One of my favorite aspects of my time living in Windhoek was meeting new people. Some friends we met at Karaoke night invited us over to their balcony party. It was a great night of laughter, dancing, and enjoying the city view. Local Namibians are so welcoming and friendly- even though we were strangers at the party, it didn’t feel that way. I hope to keep in contact with the people I met here- they have made my stay in Namibia all the worthwhile.

2. Interacting with CGEE staff

While I have talked a great deal about my experience with my study abroad friends and cohort, I often forget to mention the people that make this possible. I was blessed to be the student of Lamont Slater for Politics of Development, Albertina Shifotoka for History of Racism & Resistance in Southern Africa, Monika Shikongo for Environmentalism & Sustainability, and Alex Sikume for Internship Class. Throughout these classes, I learned about Namibia and South Africa’s rich history and its connection to the United States. Not only the professors, but the support staff impacted my journey as well as Evelin, Sara, Passat & Donna. They were always full of smiles and deep wisdom. I am thankful for everyone who made this experience possible.

1. Dedicating the garden

Throughout the semester, we students decided to create a garden. It was difficult- the dirt is dry and rocky- but it was so worth it. In addition to the garden, we decided to paint the posts above it- each with our own creative flare. Mine is Namibia’s mountain scenery with the phrase “Seek Discomfort” on it. I got inspired from my favorite Youtubers Yes Theory that wholeheartedly believe in the idea. Throughout my journey here, I have sought a lot of discomfort so this phrase stuck with me. Not only that, but the whole collaboration just shows how diverse and creative our group is. Each person has greatly contributed to this beautiful group dynamic and I am blessed to be surrounded by such incredible

Overall, I am grateful for my time in Southern Africa. I learned about topics never discussed in my classes in the states- such as apartheid. I overcame obstacles such as hiking up a rocky mountain to overlook the city. I embraced a culture both different and similar to my own. I made lifelong friends both in Namibia and throughout the cohort.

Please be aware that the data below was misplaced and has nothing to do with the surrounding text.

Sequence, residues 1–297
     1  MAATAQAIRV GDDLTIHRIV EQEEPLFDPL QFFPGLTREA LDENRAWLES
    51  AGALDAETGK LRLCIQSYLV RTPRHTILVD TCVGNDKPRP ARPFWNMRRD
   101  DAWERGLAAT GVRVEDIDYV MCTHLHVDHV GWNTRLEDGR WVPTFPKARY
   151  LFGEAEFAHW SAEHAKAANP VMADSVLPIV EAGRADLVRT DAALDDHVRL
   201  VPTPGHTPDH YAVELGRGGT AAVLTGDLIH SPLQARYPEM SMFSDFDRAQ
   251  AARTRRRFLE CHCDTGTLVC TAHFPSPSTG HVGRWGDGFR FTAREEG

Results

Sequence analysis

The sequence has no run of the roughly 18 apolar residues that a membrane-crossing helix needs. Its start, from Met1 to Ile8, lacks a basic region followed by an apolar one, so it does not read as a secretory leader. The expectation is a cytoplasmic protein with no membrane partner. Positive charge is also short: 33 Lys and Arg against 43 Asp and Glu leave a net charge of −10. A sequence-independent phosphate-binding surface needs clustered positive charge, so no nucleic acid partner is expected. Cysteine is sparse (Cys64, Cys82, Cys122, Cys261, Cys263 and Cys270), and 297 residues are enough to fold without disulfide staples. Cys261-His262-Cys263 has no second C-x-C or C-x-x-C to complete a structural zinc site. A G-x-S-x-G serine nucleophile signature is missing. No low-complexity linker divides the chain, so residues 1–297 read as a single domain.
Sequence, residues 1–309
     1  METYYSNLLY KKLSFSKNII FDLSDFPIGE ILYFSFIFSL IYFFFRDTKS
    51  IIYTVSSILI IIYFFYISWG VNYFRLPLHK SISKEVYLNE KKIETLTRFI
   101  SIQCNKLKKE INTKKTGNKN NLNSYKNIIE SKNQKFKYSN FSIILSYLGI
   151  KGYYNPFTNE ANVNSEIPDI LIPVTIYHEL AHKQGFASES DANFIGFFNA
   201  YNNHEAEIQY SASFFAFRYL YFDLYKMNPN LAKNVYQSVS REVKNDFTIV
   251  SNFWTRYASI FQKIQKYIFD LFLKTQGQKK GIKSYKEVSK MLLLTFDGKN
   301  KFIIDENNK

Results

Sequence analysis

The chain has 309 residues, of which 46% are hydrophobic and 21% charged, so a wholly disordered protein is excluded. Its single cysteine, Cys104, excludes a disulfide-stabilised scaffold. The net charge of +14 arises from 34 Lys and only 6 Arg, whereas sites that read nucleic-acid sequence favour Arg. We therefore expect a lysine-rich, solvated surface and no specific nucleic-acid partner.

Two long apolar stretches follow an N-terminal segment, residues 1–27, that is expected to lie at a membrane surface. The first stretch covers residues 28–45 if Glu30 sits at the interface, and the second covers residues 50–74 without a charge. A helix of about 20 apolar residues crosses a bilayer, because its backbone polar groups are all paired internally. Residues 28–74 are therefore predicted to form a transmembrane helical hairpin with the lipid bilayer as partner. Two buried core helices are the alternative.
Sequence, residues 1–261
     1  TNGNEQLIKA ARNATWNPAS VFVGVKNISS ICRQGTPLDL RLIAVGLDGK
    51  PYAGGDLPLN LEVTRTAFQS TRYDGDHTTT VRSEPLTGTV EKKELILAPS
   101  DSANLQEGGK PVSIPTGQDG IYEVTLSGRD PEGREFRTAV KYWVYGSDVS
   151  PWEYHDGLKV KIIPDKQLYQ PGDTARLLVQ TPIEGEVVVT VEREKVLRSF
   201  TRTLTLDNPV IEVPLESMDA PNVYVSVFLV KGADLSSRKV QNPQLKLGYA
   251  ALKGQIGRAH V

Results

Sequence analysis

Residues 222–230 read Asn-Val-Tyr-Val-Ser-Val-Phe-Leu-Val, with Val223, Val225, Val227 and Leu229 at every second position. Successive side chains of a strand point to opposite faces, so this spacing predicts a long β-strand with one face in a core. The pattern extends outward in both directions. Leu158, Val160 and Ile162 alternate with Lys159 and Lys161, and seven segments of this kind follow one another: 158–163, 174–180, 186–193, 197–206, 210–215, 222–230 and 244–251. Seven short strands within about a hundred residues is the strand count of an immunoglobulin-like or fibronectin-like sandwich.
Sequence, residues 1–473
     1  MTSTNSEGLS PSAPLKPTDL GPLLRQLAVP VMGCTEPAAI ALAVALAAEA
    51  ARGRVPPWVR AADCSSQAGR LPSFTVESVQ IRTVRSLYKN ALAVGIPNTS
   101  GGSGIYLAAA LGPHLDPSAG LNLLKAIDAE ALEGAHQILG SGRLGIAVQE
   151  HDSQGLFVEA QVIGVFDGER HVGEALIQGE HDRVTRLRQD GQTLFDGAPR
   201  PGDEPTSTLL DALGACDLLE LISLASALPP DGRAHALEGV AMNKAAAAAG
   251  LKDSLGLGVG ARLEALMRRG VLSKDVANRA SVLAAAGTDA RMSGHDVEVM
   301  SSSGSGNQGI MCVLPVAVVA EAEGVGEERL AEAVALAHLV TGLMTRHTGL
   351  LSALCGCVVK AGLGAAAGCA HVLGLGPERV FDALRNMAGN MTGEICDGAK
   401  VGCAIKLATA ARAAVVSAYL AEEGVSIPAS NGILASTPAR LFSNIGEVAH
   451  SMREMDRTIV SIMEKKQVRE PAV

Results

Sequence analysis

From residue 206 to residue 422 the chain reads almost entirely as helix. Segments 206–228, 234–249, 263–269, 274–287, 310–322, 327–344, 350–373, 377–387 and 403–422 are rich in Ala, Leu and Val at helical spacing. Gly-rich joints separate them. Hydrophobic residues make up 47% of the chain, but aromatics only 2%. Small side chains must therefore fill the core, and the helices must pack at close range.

But now as I am packing to leave, I remember this is not goodbye- it is see you later.

Catching Waves

Author: Alyssa (Aly) Brewer

Location: Swakopmund & Walvis Bay, Namibia

Pronouns: She/Her/Hers

So last weekend, we embarked on our last trip. Our last long bus ride. Our last places to visit–Swakopmund & Walvis Bay. While most people assume Namibia, and Africa in general, is quite hot, our visit to the coast proved otherwise. Because the hot dunes met directly with the cool ocean, there was a thick fog consistently overhead. The sun went MIA. The breeze from the ocean snuck into our jackets. Our sun-burnt bodies were not prepared for this level of cold. However, the views of the ocean made it all worthwhile.

One of our first stops included learning about the Namibian Dolphin Project- an organization dedicated to gathering data on the abundance, distribution, and habitat whales and dolphins use in Namibia. Not only that, but they perform sea rescues for stranded animals and educate the public on the importance of marine conservation. The speaker Becca also handed us a booklet full of information about what they do and the animals they research. The booklet even included facts about the infamous leatherback turtle!

Honestly, listening to Becca reminded me of when I was a little girl obsessed with the ocean. I would read as many
books about marine life as the library would let me check out. Sharks, dolphins, turtles, clownfish, whales- you name it. Throughout my studies at Valpo, my passion for the marine world fell out of view. However, being right beside the ocean reminded me of it all over again. The trip to the Namibian Dolphin Project was both rewarding and reinvigorating.